The notes yielded 0.71 percent, compared with a forecast of 0.718 percent in a Bloomberg News survey of eight primary dealers. The bid-to-cover ratio was 3.05, versus an average of 3.35 at the past 10 sales.
Japan must consider the impact of any default on its bond holdings, even as the U.S. will probably avoid a fiscal crisis, Japanese Finance Minister Taro Aso said today in Tokyo. Chinese Deputy Finance Minister Zhu Guangyao said yesterday that the U.S. should prevent a default, the People’s Daily reported.
“US Treasury debt is foundation for all global credit & equity,” Bill Gross, co-founder of Pacific Investment Management Co. and manager of the world’s biggest bond mutual fund, wrote today in a comment on Twitter. “Default? Make disaster’s day.”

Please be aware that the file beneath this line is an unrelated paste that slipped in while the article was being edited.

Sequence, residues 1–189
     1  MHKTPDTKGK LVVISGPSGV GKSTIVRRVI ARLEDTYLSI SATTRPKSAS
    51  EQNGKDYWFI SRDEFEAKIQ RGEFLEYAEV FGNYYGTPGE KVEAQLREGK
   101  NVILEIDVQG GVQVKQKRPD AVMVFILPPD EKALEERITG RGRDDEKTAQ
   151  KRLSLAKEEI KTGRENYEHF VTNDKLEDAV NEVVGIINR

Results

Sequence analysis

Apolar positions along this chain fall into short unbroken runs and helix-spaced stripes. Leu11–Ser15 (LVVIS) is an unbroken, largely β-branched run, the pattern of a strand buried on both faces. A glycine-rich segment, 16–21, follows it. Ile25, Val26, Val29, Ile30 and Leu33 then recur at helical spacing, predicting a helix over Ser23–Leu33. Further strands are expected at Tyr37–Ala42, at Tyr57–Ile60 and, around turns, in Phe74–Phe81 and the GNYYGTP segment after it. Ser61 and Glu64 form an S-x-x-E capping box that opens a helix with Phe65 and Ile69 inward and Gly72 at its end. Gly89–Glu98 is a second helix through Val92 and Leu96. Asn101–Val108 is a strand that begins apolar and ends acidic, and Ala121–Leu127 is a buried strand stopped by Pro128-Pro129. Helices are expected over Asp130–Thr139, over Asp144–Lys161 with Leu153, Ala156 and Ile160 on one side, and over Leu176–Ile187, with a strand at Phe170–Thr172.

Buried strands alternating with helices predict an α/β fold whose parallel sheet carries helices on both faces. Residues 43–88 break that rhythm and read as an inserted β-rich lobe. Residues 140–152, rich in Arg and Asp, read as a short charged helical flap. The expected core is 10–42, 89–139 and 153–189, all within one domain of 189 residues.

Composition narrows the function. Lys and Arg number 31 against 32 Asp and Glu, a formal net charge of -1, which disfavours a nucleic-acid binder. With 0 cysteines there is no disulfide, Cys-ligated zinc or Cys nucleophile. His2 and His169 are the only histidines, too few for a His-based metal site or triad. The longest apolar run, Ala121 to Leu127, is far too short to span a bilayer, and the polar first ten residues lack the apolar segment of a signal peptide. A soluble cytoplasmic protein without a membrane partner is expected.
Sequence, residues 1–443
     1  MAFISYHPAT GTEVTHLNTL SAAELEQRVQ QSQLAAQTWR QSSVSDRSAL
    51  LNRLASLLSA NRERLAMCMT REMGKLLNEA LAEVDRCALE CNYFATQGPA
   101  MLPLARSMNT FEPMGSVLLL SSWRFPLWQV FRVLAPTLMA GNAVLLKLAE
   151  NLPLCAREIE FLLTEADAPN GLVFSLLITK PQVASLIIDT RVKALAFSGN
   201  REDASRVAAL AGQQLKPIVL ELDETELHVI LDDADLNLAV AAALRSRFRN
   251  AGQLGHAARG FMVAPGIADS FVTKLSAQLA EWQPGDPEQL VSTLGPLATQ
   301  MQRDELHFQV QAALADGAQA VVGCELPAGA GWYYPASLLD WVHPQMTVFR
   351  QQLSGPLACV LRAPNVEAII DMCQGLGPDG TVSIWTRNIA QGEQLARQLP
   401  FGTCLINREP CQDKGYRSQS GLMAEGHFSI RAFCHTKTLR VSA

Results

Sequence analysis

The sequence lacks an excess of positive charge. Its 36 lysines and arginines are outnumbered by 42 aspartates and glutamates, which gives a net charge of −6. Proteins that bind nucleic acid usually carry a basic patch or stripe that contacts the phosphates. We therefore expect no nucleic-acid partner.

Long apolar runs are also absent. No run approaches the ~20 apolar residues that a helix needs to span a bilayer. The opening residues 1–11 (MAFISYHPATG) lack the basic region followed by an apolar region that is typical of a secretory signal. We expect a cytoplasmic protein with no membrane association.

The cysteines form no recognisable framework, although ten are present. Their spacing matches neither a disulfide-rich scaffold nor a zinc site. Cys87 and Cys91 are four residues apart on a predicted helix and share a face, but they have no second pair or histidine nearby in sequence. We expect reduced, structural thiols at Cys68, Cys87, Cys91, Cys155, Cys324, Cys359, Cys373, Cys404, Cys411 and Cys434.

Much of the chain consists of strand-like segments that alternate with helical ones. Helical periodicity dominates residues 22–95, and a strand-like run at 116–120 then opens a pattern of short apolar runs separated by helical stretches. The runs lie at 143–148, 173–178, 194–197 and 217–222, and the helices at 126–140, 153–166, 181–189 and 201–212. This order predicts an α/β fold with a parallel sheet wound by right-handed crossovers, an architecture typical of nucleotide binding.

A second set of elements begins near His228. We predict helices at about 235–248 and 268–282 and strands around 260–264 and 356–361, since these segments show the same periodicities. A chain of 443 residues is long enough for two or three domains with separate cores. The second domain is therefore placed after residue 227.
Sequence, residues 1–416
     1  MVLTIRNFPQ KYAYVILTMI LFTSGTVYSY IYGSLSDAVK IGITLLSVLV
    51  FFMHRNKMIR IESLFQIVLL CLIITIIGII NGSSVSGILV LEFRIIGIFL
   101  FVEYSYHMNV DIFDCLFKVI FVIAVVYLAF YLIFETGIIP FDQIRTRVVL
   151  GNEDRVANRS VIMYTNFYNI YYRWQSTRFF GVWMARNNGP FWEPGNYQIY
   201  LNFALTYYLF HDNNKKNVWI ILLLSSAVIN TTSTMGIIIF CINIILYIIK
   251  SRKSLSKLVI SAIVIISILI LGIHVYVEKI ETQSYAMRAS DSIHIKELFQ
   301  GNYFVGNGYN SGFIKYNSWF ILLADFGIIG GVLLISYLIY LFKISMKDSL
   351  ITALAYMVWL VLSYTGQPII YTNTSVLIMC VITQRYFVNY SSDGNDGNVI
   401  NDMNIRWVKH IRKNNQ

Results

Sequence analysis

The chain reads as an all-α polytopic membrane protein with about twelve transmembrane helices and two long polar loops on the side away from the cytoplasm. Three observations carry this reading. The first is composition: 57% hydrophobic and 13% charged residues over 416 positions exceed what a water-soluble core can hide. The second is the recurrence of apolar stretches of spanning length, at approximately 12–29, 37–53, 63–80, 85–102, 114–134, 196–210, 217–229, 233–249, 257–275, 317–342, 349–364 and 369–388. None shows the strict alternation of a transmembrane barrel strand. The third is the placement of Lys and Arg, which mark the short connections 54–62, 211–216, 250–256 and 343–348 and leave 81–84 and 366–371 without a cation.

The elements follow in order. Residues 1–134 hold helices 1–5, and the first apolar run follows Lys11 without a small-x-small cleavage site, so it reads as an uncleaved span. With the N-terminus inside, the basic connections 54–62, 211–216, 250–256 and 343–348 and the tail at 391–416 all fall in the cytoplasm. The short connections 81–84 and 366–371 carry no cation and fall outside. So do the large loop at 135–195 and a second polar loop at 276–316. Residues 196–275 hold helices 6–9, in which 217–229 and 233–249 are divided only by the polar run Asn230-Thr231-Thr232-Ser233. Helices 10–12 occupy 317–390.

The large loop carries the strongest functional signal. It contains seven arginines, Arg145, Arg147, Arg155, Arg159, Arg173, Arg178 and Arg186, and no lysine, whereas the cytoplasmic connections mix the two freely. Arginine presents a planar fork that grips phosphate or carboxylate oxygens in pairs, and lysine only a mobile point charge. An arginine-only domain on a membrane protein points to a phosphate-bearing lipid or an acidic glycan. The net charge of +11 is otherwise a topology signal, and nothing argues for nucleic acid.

Nonessential U.S. government services have been closed for a week as politicians wrangle over a budget. President Barack Obama said today at a White House news conference that negotiations “shouldn’t require hanging the threat of a government shutdown or economic chaos over the heads of the American people.” Republicans have sought changes to the 2010 Affordable Care Act in exchange for raising the ceiling.
Treasury Secretary Jacob J. Lew said Congress needs to increase the debt ceiling by Oct. 17 or the nation risks defaulting on its payments.
The International Monetary Fund warned that a U.S. government default could “seriously damage” the world economy.